Making the switch to the road was a big step. I said to myself: if I succeed, I will just continue and if not, I’ll return stronger to cyclo-cross. A win-win situation.
But in the first race, Dunkirk, I was straight away quite okay. Then my first spring Classics started and I fell in love with them. You don’t know what you’re doing there, what’s happening, they are so complicated. Then of course, you want another year. Then a third year because it’s basically just five races a season where you have a chance to succeed. I continued and still believed I could win a Monument like Flanders or Roubaix.
When we sit at the table, we fit together as friends and because the team wins so much, you somehow have the feeling – okay next time, it’s my turn. When I help someone, I’ll get it in return.
Like how we won Sanremo [last] year: it’s not easy to manage because I’m sure that half of the team starting there was dreaming about winning. But everybody was ready to make the race hard on the Poggio, we had the plan and we stuck to it. Afterwards, when it works out, it’s a feeling like you won the race yourself.
The most special moment with the team is the 2017 Tour of Flanders, Tom Boonen’s last one. In the centre of Antwerp, everybody was waving white napkins and a typical Belgian song was playing. That was the year that Phil [Gilbert] won.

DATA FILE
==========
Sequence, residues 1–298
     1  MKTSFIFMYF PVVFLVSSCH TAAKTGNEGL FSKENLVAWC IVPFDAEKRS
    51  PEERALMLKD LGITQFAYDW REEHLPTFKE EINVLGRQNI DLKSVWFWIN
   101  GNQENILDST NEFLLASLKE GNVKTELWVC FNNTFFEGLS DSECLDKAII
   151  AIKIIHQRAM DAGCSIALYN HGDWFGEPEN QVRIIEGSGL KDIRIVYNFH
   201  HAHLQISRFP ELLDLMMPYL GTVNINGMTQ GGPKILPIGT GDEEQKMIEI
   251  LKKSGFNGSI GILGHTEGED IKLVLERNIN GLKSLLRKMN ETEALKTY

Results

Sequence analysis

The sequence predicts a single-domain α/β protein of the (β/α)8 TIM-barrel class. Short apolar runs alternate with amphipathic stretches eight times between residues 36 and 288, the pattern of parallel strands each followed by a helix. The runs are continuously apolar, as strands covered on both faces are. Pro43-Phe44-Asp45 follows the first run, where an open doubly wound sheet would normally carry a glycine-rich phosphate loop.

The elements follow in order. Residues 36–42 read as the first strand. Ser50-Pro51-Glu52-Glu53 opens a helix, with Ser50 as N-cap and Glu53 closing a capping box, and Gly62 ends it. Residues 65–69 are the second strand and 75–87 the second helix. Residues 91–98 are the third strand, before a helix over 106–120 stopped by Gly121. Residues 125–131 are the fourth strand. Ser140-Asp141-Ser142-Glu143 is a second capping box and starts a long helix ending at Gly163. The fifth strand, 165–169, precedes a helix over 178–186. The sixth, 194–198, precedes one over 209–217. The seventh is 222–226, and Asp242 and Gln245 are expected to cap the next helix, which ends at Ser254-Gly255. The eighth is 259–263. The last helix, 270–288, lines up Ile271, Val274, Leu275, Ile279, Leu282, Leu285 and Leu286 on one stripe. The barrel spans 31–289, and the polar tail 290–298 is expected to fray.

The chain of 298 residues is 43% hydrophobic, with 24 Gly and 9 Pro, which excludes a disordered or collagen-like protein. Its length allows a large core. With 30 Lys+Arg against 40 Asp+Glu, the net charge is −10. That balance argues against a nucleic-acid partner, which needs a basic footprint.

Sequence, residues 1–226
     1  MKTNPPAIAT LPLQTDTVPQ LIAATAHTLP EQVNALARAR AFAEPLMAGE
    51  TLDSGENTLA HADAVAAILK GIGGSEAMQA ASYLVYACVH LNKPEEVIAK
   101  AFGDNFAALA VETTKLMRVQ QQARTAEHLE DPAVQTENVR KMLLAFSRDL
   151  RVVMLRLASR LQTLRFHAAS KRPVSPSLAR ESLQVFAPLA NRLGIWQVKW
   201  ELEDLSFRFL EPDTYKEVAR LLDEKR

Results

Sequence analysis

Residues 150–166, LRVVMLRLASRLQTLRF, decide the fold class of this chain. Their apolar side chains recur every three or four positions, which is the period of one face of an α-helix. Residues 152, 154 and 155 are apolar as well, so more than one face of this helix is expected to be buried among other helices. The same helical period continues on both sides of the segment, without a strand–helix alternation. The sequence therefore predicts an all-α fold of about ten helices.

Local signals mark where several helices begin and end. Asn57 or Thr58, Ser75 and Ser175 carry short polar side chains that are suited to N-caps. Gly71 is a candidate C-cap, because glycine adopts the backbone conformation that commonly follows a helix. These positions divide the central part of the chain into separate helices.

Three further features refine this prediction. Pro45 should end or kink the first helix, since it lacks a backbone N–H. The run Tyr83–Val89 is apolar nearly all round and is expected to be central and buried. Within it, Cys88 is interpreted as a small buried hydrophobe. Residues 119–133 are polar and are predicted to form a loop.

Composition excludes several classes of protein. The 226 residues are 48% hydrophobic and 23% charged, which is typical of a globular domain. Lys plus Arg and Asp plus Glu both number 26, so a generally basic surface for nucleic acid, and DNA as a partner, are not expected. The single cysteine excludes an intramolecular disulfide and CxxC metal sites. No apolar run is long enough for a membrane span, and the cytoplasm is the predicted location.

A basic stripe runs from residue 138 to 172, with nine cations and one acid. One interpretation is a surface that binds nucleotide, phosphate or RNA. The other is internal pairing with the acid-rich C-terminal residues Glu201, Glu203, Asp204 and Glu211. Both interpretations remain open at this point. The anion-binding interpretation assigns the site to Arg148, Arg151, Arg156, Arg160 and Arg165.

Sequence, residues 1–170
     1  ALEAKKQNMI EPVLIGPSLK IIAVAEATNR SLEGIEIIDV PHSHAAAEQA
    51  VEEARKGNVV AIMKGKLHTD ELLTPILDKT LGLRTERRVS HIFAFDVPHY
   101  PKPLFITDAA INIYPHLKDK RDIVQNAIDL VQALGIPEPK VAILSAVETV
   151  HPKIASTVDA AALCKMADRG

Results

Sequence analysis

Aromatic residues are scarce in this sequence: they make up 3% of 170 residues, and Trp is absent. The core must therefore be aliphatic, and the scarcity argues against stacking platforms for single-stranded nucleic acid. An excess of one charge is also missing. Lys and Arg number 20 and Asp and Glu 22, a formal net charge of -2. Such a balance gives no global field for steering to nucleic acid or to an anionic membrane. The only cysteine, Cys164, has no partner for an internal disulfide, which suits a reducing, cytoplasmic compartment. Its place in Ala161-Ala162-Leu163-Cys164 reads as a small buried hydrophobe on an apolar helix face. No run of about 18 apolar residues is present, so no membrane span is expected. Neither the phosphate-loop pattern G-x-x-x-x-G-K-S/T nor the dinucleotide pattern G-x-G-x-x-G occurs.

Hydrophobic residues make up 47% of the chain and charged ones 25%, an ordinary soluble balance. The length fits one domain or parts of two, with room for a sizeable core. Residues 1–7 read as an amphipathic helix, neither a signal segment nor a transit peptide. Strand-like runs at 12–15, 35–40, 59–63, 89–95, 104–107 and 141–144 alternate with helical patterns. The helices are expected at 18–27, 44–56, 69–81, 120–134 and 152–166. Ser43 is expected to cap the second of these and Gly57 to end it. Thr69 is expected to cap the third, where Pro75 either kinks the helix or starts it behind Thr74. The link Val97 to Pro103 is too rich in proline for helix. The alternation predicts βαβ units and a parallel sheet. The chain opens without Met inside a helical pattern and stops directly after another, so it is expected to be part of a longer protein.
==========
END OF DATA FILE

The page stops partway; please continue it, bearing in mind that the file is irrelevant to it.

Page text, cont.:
I re-signed for two more years recently, so it’ll be ten years in the team. I’m sure I feel fresher at 33 than other pros at the same age; with cyclo-cross, my career approach was a bit different. I still have so many goals and I believe that I can achieve them. And I think I can race until I am 40.
Will it be with Deceuninck-Quick Step? The only difficulty will be that Patrick Lefevere has his rule that when a rider turns 36, he doesn’t sign him for longer than a year.
This is an extract from an article that originally published in Rouleur 19.8, with the headline “One Team Men”.